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Elizabeth Kolbert: It’s Time to Act on Climate Change

For Related Articles and More Information, Please Visit OCA's Environment and Climate Resource Center Page.

The chemist F. Sherwood Rowland is one of the few people in history about whom it can accurately be said: he helped save the world. In 1972, Rowland, a chemist at the University of California-Irvine, attended a talk on the compounds known as chlorofluorocarbons. At the time, these were being used as refrigerants, cleaning agents, and propellants in aerosol cans, and they had recently been detected in the air over the Atlantic. CFCs are unusually stable, but it occurred to Rowland that, if they were getting blown around the world, at very high altitudes they would eventually break down. He and one of his research assistants began to look into the matter, and they concluded that in the stratosphere CFCs would indeed dissociate. The newly liberated chlorine atoms would then set off a chain reaction, which would destroy the ozone layer that protects the earth from ultraviolet radiation.

Industry groups ridiculed Rowland's findings- Aerosol Age accused him of being a K.G.B. agent-but other scientists confirmed them, and Rowland pressed for a ban on CFCs. As he said, "What's the use of having developed a science well enough to make predictions if, in the end, all we're willing to do is stand around and wait for them to come true?" The discovery, in the mid-nineteen-eighties, of an ozone "hole" over the South Pole persuaded world leaders, including Ronald Reagan, that the problem was, in fact, urgent, and a global treaty phasing out CFCs was approved in 1987.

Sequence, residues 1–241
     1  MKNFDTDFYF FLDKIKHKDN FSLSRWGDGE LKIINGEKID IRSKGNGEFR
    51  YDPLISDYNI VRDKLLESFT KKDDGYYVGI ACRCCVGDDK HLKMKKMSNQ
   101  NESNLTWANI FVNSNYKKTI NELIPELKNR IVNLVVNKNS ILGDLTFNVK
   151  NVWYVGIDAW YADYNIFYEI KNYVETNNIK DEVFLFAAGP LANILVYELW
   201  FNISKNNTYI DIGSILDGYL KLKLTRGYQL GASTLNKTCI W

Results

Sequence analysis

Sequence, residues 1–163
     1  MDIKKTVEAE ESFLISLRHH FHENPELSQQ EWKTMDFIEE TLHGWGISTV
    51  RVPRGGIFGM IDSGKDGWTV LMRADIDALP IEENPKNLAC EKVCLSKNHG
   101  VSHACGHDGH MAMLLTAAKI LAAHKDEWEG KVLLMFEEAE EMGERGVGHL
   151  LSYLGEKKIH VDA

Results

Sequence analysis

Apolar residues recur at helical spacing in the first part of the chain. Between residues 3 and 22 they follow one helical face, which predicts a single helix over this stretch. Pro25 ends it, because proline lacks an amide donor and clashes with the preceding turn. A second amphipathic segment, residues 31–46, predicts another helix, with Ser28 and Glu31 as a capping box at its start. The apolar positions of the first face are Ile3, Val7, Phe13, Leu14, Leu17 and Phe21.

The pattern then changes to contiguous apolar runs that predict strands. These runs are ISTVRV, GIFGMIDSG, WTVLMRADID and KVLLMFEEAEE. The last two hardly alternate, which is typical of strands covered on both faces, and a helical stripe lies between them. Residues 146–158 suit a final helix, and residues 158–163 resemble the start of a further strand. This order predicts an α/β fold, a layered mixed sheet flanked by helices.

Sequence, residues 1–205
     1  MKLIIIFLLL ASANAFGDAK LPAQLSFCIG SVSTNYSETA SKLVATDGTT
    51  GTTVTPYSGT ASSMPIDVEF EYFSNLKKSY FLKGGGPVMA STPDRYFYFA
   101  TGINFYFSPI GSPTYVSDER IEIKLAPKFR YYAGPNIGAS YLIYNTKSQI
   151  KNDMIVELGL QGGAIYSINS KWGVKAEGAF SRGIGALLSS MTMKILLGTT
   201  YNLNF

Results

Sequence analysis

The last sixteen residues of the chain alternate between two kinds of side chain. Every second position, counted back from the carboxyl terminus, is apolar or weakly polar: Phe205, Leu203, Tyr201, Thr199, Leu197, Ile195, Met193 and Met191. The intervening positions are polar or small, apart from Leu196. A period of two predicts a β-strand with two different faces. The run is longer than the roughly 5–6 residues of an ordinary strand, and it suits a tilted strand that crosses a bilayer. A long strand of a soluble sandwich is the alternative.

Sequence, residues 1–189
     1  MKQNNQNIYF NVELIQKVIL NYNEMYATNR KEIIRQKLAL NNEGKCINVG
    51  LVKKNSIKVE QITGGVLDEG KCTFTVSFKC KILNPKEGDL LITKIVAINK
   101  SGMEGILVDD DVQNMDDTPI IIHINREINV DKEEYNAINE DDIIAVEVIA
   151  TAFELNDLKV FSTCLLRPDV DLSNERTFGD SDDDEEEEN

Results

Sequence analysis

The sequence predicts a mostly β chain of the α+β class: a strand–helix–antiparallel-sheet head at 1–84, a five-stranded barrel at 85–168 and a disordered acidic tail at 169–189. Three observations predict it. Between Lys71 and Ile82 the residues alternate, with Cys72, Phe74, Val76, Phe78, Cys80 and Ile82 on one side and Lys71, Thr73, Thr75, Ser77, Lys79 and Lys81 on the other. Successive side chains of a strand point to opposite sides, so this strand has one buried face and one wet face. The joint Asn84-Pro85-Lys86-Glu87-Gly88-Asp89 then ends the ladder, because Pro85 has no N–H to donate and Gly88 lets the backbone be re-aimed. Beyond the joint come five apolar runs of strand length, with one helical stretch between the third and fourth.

Rowland's question came to mind last week. At a meeting in Yokohama, the Intergovernmental Panel on Climate Change released its latest update on the looming crisis that is global warming. Only this time it isn't just looming. The signs are that "both coral reef and Arctic systems are already experiencing irreversible regime shifts," the panel noted. Composed in a language that might be called High Committee, the report is nevertheless hair-raising. The I.P.C.C.'s list of potential warming-induced disasters-from ecological collapse to famine, flooding, and pestilence-reads like a riff on the ten plagues. Matching the terror is the collective shame of it. "Why should the world pay attention to this report?" the chairman of the I.P.C.C., Rajendra Pachauri, asked the day the update was released. Because "nobody on this planet is going to be untouched by the impacts of climate change."   


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